The installation of the replacement pipeline will follow good industry practice using established techniques. The most common technique will use open-cut trenches, but in some areas trenchless techniques will need to be used.
Due to the potential need to make small adjustments to the location of the pipeline to account for local ground conditions, it is not possible to determine in advance the precise position within the route where we will lay the pipeline. We will seek formal permission in our application for development consent to lay the pipeline within “Limits of Deviation”, which is effectively the same width as the working width of the route that we are consulting upon.
In rural areas, it is likely that we will use open-cut trench installation. During installation, we will maintain access to public rights of way, protect livestock, and work with landowners to reduce or mitigate the impacts of installation on how they use the land, where possible. Roads in rural areas can be narrow and winding. We will carefully plan our vehicle movements and the transportation of materials to reduce the impact on local road users. Temporary road signs will also be installed to alert people to any road closures and other changes in the area.
In urban areas, we will use methods such as traffic management and trenchless installation to enable us to work within more constrained areas. We will work with local communities and authorities to agree how we can minimise the impacts on public access such as footpaths and public areas. Once installed, the replacement pipeline will be a quiet neighbour.
We will use trenchless crossings under motorways, A-roads and railway lines to reduce impacts on people’s journeys.
If we are successful in our application for development consent, we will work with the County Highways Authorities in Hampshire and Surrey in relation to appropriate traffic management plans. We will work with County Highways Authorities and local councils to communicate our plans ahead of installation to local communities.
On a temporary basis, we may need to use diversions and access roads, move pedestrian walkways and bus stops and, in some cases, close sections of road. Where we do need to close a road, this will be done for as short a time as possible to reduce impacts on local communities.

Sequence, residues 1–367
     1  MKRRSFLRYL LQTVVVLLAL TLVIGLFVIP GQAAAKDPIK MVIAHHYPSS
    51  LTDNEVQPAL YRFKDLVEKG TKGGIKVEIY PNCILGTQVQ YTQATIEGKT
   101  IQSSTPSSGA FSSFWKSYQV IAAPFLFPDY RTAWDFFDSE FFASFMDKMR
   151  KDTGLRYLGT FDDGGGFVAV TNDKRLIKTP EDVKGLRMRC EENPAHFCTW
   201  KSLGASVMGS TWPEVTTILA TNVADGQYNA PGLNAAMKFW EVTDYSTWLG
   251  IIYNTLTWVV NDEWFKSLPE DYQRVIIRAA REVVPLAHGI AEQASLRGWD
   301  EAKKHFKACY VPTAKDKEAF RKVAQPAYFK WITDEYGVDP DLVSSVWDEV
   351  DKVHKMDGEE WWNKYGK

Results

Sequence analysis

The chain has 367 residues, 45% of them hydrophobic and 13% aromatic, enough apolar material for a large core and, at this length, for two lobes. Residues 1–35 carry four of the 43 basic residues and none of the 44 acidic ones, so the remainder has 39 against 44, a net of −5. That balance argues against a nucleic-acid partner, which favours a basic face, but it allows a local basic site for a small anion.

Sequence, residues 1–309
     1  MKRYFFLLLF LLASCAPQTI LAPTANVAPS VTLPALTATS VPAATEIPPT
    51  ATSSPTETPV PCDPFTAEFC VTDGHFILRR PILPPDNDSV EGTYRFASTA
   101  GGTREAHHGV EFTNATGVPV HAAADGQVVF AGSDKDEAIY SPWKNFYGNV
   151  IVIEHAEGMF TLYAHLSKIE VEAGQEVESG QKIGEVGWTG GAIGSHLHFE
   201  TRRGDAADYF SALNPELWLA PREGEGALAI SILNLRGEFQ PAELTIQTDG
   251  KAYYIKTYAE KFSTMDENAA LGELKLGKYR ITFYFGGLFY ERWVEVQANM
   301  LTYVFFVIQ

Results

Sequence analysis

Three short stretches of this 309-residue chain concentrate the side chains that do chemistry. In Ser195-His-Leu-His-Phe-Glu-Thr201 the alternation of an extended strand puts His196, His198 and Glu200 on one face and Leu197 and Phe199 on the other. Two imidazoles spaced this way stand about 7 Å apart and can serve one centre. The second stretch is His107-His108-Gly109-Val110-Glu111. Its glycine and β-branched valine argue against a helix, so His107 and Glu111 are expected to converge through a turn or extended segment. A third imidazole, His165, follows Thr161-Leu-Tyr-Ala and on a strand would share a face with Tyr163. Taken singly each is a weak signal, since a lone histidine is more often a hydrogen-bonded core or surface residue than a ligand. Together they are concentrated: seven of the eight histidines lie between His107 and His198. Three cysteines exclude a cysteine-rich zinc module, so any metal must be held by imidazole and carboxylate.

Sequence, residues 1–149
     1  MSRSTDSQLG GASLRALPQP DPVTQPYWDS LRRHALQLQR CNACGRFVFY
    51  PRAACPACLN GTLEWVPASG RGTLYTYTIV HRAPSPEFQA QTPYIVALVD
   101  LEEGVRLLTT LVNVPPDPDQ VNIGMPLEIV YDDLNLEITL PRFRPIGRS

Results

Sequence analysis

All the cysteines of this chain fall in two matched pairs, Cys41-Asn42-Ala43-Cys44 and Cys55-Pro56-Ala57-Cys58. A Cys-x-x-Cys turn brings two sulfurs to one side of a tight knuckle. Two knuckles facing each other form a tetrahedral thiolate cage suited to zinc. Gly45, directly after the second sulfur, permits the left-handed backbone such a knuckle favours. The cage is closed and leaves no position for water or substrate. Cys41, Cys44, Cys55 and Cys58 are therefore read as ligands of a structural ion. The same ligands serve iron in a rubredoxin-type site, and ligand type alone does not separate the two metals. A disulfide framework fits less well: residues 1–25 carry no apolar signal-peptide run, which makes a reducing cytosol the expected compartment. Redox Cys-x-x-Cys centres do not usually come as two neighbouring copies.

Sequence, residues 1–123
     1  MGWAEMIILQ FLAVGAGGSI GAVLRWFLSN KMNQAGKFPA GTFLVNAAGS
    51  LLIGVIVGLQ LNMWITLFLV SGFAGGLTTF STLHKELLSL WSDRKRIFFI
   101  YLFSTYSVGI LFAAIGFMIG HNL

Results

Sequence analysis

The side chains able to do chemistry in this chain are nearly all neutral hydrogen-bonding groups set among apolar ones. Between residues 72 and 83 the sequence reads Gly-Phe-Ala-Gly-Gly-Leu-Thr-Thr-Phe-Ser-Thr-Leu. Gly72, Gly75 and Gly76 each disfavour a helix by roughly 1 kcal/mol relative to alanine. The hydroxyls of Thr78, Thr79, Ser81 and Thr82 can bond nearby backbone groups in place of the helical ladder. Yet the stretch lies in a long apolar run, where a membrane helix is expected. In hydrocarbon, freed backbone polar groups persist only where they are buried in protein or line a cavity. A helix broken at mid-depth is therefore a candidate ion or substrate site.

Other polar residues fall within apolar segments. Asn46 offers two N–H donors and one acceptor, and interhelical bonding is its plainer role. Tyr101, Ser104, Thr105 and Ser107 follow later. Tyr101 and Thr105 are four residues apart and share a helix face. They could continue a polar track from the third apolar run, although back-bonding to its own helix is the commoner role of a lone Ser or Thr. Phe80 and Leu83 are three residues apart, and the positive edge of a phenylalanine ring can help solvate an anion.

The most common technique for installation of the pipeline would be open-cut trenches, which are less than one metre wide. Although the pipeline is relatively small, with an internal diameter of about 30cm, the working width needed for safe installation using this technique is usually between 20 and 30 metres. The working width allows sufficient space for digging the trench, laying a pipe alongside the trench before installation, storing topsoil and sub-soil separately during installation and enabling access for construction vehicles. At times, we will need to use narrower working widths for short distances, for example in urban areas or where space is constrained.
At times, we will need to use trenchless techniques to install the pipeline, for example under railway lines, major roads and river beds. In these cases, we will use methods such as directional drilling or auger boring, which use a machine to drill or ‘bore’ a hole through the ground from one side of an obstruction, such as a railway line, to the other. Typically, a pit is dug at either end of the trenchless section from where the machinery can be located. Throughout the work, care is taken to prevent any movement of land. The replacement pipeline will not go under any existing homes, even where trenchless installation is used.
While trenchless techniques cause less disturbance at ground level, allowing roads and railways to remain open and rivers to continue flowing, more land may be temporarily required for pits for the drilling machinery relative to open-cut trench techniques. Depending on the length of the trenchless section, it may take longer to complete trenchless installation relative to an area where open-cut trench techniques are used. Furthermore, sections of the pipeline that are installed using trenchless crossings can largely be installed in a straight line. This means that only certain types of trenchless techniques can be used.